Mourners Say Maloney Inspired, Was Role Model

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By Joey Cresta

Hampton Union, Thursday, April 19, 2012

[The following article is courtesy of the Hampton Union and Seacoast Online.]
Dignitaries at the Chief Maloney Funeral

HAMPTON -- Local and national dignitaries and thousands of police officers from across the country joined the Seacoast community in mourning at a funeral service for slain Greenland Police Chief Michael Maloney on Thursday.

The services were held on the football field at Winnacunnet High School — the same field Maloney played on in his youth. Maloney, 48, was killed April 12 after more than a quarter century in law enforcement when accused drug dealer Cullen Mutrie, 29, of 517 Post Road in Greenland, shot at Maloney and four other officers serving a warrant.

Those other four officers, Newmarket Det. Scott Kukesh, 33, Rochester Det. Jeremiah Murphy, 34, Dover Det. Gregory Turner, 32, and University of New Hampshire Det. Eric Kulberg, 31, were able to attend Thursday's ceremony but were closely guarded by authorities. The men are undercover detectives with the N.H. Attorney General's Drug Task Force.

Dan Doherty, a Manchester officer shot multiple times on March 21, also was in attendance. Seated in a wheelchair, he led representatives of his department into the funeral.

Thousands of law enforcement officers representing local, state and county police agencies from numerous states poured onto the field after marching 1.6 miles from the Remick and Gendron Funeral Home where Maloney's wake was held a day earlier. Officers saluted Maloney at length before taking their seats.

Dignitaries in attendance included New Hampshire's congressional delegation, N.H. Gov. John Lynch, N.H. Attorney General Michael Delaney and U.S. Attorney General Eric Holder.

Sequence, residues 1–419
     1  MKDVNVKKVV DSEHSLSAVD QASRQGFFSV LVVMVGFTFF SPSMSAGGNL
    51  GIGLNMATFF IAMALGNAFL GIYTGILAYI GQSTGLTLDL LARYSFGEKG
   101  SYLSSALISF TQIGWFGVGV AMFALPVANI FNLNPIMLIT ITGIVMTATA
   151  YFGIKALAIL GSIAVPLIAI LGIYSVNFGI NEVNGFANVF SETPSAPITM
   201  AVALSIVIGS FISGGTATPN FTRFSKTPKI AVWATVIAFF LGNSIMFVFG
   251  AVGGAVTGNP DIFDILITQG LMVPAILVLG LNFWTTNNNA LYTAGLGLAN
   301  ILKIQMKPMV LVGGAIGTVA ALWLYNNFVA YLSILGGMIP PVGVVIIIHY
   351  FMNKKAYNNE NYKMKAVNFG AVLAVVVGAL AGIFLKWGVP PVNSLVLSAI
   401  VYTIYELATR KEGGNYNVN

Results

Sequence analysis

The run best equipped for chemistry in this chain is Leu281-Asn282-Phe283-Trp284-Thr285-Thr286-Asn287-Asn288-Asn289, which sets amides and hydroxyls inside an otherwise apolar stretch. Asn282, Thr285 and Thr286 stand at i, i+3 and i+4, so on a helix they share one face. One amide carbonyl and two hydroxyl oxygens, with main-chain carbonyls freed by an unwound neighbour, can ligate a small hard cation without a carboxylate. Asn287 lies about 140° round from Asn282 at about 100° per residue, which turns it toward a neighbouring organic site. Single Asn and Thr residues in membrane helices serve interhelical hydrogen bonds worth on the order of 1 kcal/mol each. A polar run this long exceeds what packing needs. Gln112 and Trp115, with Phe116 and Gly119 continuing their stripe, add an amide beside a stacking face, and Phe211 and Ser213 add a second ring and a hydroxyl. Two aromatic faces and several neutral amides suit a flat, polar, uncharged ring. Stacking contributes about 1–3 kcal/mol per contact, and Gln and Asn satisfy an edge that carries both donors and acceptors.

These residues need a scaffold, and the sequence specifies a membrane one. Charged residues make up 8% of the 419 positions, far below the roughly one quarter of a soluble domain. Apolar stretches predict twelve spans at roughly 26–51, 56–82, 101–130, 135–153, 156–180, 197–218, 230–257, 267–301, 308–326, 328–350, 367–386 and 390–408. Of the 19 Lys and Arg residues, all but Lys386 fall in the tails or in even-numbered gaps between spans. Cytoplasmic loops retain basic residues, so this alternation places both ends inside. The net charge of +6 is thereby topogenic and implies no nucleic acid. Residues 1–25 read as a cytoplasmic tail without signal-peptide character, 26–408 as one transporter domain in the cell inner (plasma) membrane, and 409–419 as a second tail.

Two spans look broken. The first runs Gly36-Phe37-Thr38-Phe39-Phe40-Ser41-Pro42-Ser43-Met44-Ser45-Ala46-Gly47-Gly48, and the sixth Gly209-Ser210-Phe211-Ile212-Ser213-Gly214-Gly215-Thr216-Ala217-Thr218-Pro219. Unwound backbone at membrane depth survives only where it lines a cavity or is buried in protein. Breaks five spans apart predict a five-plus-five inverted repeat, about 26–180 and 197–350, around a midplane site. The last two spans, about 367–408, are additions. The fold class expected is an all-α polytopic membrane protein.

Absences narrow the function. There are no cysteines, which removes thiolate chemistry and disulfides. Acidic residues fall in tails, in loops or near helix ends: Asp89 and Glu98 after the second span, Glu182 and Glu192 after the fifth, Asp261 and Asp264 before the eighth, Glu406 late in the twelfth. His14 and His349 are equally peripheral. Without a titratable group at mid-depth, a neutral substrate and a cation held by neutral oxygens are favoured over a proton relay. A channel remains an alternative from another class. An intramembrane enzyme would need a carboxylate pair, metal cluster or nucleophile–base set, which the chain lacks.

Seabrook Police Chaplain Bruce Pierce introduced speakers and gave some opening remarks after Portsmouth Police Detective Kristyn Bernier sang 'God Bless America.'

“We come here today with heavy hearts because of the death of one of (the Lord's) servants, Chief Michael Maloney,” Pierce said.

Holder called Maloney's death a “heartbreaking and tragic loss” for the communities Maloney served during his lifetime.

Maloney, a North Hampton native, joined the Army Reserves before entering law enforcement as a part-time officer in Rye and North Hampton. He worked his way through the ranks to chief of the North Hampton department before Greenland hired him as chief in 2000.

“He discovered a passion for public service that came to shape his life and improved so many other lives,” Holder said. “He wanted to use his skills and his many talents to help people and help communities in need. He wanted to make a difference and he did.”

Holder said that Maloney, who was nearly a week from retirement on the day of the shooting, is known as a hero to people across the country.

Accounts of the shooting indicate Maloney ran out from cover to pull Kukesh off the front porch of Mutrie's home. After seeing that the wounded officers were safe, he then attempted to engage the suspect and suffered a fatal gunshot wound to the head.

“He is indeed a role model and his fearlessness, selflessness and willingness to put his life on the line to protect those around him will never be forgotten,” Holder said. “Let it never be said that he died in vain.”

Lynch, who has led the state through numerous disasters in his four terms as governor, said it was fitting for Maloney's funeral to be on the Winnacunnet Warriors' football field because the area was a community to which he dedicated his life. He said that Maloney will serve as a “shining example” to young people.

“The next generation of Michael Maloneys are here at Winnacunnet,” he said.

Lynch said the sadness surrounding Maloney's death is compounded by the fact that everyone should have been celebrating his retirement.

“There was a job to be done and Michael was not about to let others do his job for him. Greenland was his town. He was charged with protecting it and he was going to see it through until the job was done,” Lynch said. “Protecting others is what brought Chief Maloney to all of us. Sadly it is also what took him away from us.”

The governor provided words of comfort for Maloney's widow, Peg, his children, Michael Jr. and Serena and stepson Ryan, his parents John and Joan, and his 14-month-old grandson, M.J.

“Someday, I know you will truly understand just how special he really is,” Lynch said in comments directed to M.J.

Lynch said this has been a difficult time for the men and women who wear badges in New Hampshire and urged residents to take the time to thank a police officer.

Delaney said Maloney's heroism has humbled and inspired everyone in attendance, adding that he has “shown us what it means to fulfill a law enforcement oath” to protect and serve.